Woodleigh Hydrostatically Stabilized Monolithic Solids for 45/70 – 400 gr
Despite their somewhat outdated bullet styles, I am a very firm believer in Woodleigh Bullets and rank them as some of the top contenders as the best performing Dangerous game bullets across a variety of calibers. Many of their bullets are designed for the older Nitro calibers, those that typically come in double barrel form – the 1800 thru 2200 feet per second speed band – which makes them perfect for African hunting in heavy cover and at close quarters. Their offerings designed specifically for the 45/70 fits this speed band well with excellent penetration and weight retention at slow speeds.
These NEW HS bullets defied all logic and expectation with their penetration at relatively slow speeds – without a doubt one of the top contenders for Elephant, Buffalo and Hippo when going to Africa in all the classic big game calibers. I only managed to recover 3 bullets out of a box of 20 and would not hesitate to recommend this bullet from a performance point of view.
45/70 Load test for 400gr Woodleigh Hydrostatically Stabilised bullets
Due to the cost of these bullets I did not dare try and do any load testing to work up to a maximum velocity, they simply cost too much and the Woodleigh website suggests that these bullets be loaded using current load data for jacketed bullets in the same weight range.
I settled on using Alliant RL7 which has proved to be one of the top performing powders for me on the bullet tests I did in Africa.
Bullet: 400gr 45/70 Woodleigh HS Solid
Powder: Alliant RL7 @ 40grs
Brass: Winchester & Starline Nickle
Primer: Winchester LR for Magnum rifles
Bullets were seated at different depths and I found this did have alot to say for easy and reliable feeding. The deeper seated bullets proved better of course – I did not try and mess around with seating depth too much except making sure that the first lot were crimped below the first band (these did not feed smoothly) while the rest were crimped in line with the top of the first band.
I don’t own a chrono so the speed can only be guessed at and I was hoping for something between 1700 – 1900 fps. The bullets themselves are not overly long as some of the machined monolithics are, they left ample room within the 45/70 case for a decent charge of powder without compression.
Again – these bullets were virtually unstoppable on all mediums or concoctions I fired into – basically a conglomeration of Elephant parts like the feet below the knee, the Skull, the shoulderbone, the hind leg femur as well as the skull and pieces of the hide.
No bullets were recovered from the shots fired into the above elephant leg, they penetrated through and to freedom – only the Northfork and harcast lead bullets also tested were found.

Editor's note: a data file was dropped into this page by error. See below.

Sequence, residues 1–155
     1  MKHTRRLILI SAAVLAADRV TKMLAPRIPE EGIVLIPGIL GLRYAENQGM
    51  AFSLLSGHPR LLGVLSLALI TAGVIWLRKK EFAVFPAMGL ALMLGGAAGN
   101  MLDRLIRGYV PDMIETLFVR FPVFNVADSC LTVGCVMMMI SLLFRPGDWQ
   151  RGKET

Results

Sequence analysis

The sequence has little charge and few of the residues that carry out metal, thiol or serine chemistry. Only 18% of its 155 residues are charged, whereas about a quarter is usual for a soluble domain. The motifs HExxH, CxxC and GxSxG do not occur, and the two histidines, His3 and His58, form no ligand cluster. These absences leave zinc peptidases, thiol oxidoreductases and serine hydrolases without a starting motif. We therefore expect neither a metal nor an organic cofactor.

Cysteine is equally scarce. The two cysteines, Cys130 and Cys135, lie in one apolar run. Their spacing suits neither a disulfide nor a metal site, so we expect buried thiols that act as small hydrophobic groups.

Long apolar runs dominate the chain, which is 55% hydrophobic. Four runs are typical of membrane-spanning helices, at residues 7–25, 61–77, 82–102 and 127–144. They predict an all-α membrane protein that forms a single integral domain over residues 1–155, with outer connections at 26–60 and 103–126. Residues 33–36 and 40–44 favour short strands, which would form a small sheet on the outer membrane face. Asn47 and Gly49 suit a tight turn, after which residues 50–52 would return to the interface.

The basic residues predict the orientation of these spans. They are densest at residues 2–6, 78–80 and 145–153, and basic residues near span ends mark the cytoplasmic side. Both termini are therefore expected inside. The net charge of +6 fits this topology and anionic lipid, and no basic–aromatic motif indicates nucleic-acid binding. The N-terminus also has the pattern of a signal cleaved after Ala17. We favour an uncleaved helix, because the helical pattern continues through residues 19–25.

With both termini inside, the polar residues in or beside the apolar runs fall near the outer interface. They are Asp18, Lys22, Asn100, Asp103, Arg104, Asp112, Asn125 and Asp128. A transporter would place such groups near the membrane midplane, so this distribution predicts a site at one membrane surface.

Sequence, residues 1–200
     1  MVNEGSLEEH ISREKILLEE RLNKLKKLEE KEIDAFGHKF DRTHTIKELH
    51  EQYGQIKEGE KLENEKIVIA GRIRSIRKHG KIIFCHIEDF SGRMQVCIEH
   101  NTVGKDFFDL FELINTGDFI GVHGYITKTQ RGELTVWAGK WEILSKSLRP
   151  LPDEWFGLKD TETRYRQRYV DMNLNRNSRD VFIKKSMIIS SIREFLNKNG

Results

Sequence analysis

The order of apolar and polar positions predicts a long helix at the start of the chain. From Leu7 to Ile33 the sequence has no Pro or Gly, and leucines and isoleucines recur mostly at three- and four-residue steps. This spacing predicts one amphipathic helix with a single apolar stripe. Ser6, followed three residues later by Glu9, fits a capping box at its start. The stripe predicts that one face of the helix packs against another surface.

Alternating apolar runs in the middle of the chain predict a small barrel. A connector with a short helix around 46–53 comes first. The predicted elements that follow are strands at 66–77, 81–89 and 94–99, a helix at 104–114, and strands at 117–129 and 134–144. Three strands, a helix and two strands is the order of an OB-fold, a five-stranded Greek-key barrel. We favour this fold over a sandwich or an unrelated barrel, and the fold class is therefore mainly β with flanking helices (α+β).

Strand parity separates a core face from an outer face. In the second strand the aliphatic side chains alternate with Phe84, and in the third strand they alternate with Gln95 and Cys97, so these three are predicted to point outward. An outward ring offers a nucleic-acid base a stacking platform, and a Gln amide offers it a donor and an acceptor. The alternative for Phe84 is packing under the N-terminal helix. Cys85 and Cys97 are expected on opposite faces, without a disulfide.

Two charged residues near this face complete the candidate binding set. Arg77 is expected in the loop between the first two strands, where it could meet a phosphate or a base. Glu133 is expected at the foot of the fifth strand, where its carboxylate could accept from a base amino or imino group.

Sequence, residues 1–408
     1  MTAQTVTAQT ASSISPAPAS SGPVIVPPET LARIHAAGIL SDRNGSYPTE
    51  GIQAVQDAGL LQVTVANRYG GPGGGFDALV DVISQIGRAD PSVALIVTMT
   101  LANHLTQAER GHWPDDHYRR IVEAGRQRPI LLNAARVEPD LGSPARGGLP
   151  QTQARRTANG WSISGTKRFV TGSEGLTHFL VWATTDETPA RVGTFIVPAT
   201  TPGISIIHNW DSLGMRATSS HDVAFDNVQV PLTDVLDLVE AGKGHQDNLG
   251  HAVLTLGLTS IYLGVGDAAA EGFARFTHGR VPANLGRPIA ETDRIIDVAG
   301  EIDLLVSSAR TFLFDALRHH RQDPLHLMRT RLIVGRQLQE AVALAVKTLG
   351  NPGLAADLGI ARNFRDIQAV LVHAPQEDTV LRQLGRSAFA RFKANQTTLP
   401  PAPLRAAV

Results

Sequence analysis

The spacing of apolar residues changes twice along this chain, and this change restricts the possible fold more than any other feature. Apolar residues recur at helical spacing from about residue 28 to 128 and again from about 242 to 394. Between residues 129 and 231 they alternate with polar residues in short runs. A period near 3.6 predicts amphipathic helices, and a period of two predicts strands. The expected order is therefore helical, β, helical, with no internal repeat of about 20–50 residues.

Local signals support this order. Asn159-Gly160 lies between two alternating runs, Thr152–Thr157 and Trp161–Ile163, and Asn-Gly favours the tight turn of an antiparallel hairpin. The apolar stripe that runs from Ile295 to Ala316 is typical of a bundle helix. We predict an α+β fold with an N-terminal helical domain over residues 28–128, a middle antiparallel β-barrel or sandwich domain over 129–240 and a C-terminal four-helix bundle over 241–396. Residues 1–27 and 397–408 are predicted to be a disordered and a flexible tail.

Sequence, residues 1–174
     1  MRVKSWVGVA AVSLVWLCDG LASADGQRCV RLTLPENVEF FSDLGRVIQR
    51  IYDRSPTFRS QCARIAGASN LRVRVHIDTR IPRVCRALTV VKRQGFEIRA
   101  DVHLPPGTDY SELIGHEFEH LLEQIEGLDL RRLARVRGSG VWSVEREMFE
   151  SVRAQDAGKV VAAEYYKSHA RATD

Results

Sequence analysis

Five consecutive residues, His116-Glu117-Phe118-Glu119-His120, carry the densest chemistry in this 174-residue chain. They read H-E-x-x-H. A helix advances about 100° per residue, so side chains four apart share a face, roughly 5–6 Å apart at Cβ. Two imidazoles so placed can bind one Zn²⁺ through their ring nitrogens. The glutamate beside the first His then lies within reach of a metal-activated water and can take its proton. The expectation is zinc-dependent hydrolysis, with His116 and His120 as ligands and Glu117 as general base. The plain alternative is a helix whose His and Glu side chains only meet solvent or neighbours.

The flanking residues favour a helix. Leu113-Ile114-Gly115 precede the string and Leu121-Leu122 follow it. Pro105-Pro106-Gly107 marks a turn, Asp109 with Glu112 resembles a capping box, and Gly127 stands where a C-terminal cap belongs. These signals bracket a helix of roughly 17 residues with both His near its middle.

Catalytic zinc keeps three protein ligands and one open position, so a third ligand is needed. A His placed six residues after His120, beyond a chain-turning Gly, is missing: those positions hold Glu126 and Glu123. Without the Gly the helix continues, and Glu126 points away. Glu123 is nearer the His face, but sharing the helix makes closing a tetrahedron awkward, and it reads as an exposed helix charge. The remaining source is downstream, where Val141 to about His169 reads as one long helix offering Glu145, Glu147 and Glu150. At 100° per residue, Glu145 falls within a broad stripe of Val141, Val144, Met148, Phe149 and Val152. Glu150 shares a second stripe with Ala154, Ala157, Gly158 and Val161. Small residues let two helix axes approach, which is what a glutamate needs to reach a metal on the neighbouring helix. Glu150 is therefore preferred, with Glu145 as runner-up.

The 2 bullets in the picture above were recovered from the bark of a tree after penetrating through the ultimate set of obstacles – here’s what I lined up:
1. the top end of an elephant femur bone
2. a piece of elephant hide
3. a buffalo hind leg
4. another buffalo hind leg
The bullets were fired from 15 yards off into the femur bone and recovered from the tree against which all these body parts were assembled.
Regardless of the absence of a living creature, the performance and penetration was excellent – at least 60 inches of heavy bone, thick hide, meat and gristle.
Woodleigh 405 gr Soft Point – the perfect Lion medicine!
The Woodleigh 405 grain flat nose soft points designed specifically for the 45/70 lever guns proved to be an excellent bullet for the field in Africa. I carried these bullets loaded to about 1800 fps and used them for general everyday hunting and carrying ammo.
What impressed me the most was their penetration on a hippo bull as well as the full carcass of a very large male lion.
One would think that these bullets would not expand at such slow speeds however all bullets recovered had perfect expansion retaining most of their weight in the classic mushroom formation.
Here is a link to a video of a shot through the Lion carcass entering the chest, passing through the whole body length and exiting below the tail. As a PH who hunts Lion and Leopard each year I would have no hesitation carrying the 45/70 Marlin Guide gun after a wounded cat. In fact the carcass in question, although a one shot kill saw me carry the Marlin guide gun after the cat on a short blood trail in the pitch dark before I recovered it.